MICHEL MARTIN, host:
Many of us have a friend or a family member whose life has been turned upside down by breast cancer. Quand Robinson is an intern for our program. She knows the fear of detecting that strange lump, and the fear that goes with not knowing what she needed to know about breast cancer.
QUAND ROBINSON: It's been said that what you don't know can't hurt you. Most people should know that this isn't true. I was 22-years-old, married, and looking forward to my senior year at Howard University in Washington, D.C. My life was full of new beginnings.
One night, I stood in the shower thinking about all the possibilities life held in store for me. And then I felt it - a lump in my right breast about the size of a marble. Cancer had always been a fear of mine. I watched the disease eat away my late great grandfather's once round body down to one of frail proportions. The disease claimed my grandmother before I had a chance to meet her.
Cancer invaded by aunt's left breast, and the doctors had to remove it. So I was scared. An early sunrise visit to the student clinic would ease my fears, or so I thought. I sat in the cold exam room at the student clinic. I reclined uneasily in an examination chair, nudging my lump with my fingertips. As the doctor pulled back the thin paper sheet draped across my chest, she began her examination.
She rattled off the questions like a checklist. They were all questions that I should have been able to answer, but I couldn't. I didn't know the specifics about my family's history of cancer, my own body, or breast cancer.
Before I left, the doctor referred me to a physician at Howard University Hospital. She gave me a write up for an ultrasound. I called my aunt who had breast cancer, and I wept. I felt like I had just begun my life, and all I could think about was, am I dying?
My aunt gave me a crash course on her experience with breast cancer. She found a lump on Wednesday. She scheduled an appointment with a doctor on Thursday. On Friday, she was diagnosed with breast cancer. The cancer was advanced and on the verge of metastasizing, or spreading. Fourteen days later, my aunt had a radical mastectomy. The doctors removed her left breast and 13 lymph nodes. She spent the next six months in chemotherapy.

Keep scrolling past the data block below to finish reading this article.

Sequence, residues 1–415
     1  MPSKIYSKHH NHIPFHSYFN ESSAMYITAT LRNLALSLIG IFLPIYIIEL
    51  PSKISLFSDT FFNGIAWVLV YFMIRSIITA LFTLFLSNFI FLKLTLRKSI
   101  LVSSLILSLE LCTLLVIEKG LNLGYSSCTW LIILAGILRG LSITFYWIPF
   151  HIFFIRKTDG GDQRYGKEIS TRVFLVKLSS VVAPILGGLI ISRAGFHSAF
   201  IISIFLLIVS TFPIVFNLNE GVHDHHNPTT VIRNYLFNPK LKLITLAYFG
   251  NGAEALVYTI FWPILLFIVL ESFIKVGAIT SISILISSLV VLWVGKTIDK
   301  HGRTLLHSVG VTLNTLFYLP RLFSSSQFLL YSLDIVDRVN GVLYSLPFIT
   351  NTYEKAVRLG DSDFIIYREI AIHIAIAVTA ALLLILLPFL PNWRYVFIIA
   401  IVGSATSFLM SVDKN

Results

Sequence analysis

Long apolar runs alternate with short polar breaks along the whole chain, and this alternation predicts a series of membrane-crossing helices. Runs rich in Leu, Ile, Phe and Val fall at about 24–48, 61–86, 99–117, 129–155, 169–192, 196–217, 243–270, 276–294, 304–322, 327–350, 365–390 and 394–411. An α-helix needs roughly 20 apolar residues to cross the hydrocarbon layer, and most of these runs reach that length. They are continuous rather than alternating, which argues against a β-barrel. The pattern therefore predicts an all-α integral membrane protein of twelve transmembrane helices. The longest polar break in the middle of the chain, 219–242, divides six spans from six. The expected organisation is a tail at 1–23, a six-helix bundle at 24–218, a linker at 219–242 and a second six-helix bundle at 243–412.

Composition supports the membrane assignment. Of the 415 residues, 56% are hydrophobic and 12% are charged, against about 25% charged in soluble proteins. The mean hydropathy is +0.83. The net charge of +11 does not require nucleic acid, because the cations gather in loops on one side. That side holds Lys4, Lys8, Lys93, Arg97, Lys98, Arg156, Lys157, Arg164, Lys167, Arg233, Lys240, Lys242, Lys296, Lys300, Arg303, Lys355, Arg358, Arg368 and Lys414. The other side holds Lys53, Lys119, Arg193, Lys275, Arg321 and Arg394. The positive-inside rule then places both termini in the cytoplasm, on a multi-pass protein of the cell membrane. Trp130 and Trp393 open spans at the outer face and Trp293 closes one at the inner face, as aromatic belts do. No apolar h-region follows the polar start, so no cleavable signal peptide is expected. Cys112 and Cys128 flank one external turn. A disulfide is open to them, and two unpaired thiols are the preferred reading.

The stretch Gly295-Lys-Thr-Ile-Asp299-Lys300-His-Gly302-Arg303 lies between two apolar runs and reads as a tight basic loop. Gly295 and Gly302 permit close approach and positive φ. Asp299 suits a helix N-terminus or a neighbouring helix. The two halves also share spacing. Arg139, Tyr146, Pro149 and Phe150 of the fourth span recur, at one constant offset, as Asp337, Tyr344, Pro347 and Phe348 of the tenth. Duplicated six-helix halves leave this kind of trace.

I was startled to learn my aunt had a breast cancer gene. Her doctor advised her to notify her family members so they could be tested. I never got that message. I was in the sixth grade when she was diagnosed. I didn't even have breasts then. But 10 years and a few bras later, I should have been made aware of this information. The follow-up exam led me to an ultrasound, which led me to an oncologist.
While the lump didn't look cancerous, a biopsy was suggested. I scheduled one. I was awake for the entire procedure. The needle pierced my tumor. I wondered, is it cancer? After two mind-numbing weeks, I met with my doctor for the results. The lump was benign. Now I knew what the lump was, and there was satisfaction in knowing. During my experience, I realized I wasn't just fighting an invasion of my body. I was battling lack of information.
I thought I was pretty well informed about breast cancer. The truth was I knew of breast cancer, but I didn't know what it was. While I don't have all the answers, I do know what I know, and knowing is half the battle.
MARTIN: Quand Robinson is a student at Howard University and an intern for TELL ME MORE.
And now, we'd like to hear from you. If you're a breast cancer survivor or if you want to tell us a story about how breast cancer has touched your life, please visit our blog at npr.org/tellmemore.
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